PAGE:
It is also important to place your image near the relevant text on the page. This not only helps the reader establish the context of the image, but when making use of Image Alt Text, can improve your SEO.

Remember that more is not always better. While a series of strategically placed images can enhance the look of your site, too many images can dilute the message of your content and leave a negative impression. In most cases, the purpose of an image will fall into one of three categories: Decorative, Descriptive, or Functional.

  • Decorative: These images are purely for asthetics and do not usually relate directly to the content of a page. The most common examples are images used in the background of menus, or as a visual divider on your site, which both come as part of your website design. While placing decorative images inside your content can sometimes be useful and appropriate, always ask yourself “Does this need to be here? Can I use another image that is relevant to the content?”.
  • Descriptive: These images are directly related to the content on your page and help enhance the message. For instance, when writing an article about training a dog to play fetch, inserting a photo of a dog playing fetch helps to illustrate the message. Sometimes descriptive images are only incidentally connected to the content, instead intending to convey the mood or feeling of the message.
  • Functional: These images serve a direct function on your site, such as an advertisement, a button, a menu item, or a call to action (Book an Appointment Today!). These images are also a hyperlink to another page or feature on your site and can be clicked. Although extremely useful in encouraging visitors to explore other parts of your site, they should be used in moderation. It is considered good practice to place these at the top or bottom of your content (not in the middle), or on the side (as a Web Box).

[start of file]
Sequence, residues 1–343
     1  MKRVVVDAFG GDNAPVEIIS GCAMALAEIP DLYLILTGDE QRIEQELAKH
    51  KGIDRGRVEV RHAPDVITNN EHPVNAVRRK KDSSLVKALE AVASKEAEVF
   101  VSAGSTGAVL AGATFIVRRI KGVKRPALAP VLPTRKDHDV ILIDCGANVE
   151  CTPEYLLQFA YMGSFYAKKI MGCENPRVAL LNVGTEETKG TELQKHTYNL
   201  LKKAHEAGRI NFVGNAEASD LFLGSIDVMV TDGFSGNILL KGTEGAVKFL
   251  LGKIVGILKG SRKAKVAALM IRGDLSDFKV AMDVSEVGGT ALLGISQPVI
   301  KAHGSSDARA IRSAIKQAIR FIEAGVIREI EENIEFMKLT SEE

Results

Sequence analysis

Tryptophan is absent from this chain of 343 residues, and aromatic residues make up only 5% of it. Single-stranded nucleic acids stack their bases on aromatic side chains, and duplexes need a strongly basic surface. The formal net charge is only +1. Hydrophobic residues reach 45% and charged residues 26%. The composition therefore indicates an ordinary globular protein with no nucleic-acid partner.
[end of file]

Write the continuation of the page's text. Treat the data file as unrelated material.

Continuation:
Local Images vs. External Images

There are two methods to display an image as part of your website: using a locally hosted image, or referencing an external image on another website. Using a locally hosted image is always the better option. Inserting an image that is hosted on another website has two significant drawbacks: You have no control over the image source, so if that website changes or moves the image it will break your link, and the image will not assist with your SEO – instead possibly helping the other website’s search engine ranking.

To insert a locally hosted image into your page content, see Adding an Image to a Page, below.

Adding an Image to a Page

  1. When editing a page, in the Content Editor, place your cursor where you would like the image to appear.
  2. Click the Image Manager Icon Image Manager Icon located in the Editor Toolbar.
  3. In the Image Manager Window, select the image you wish to insert from the list of files uploaded to your site.

    The Image Manager Window - selecting a file

  4. If you wish to insert an image not yet uploaded, click the Upload Image Tab, click Browse, locate the image on your computer and click Open, then click Upload. The image will now be available to insert on your page.

    Image Manager - Uploading an Image

  5. Enter your desired Image Alt Text.
  6. Click Insert.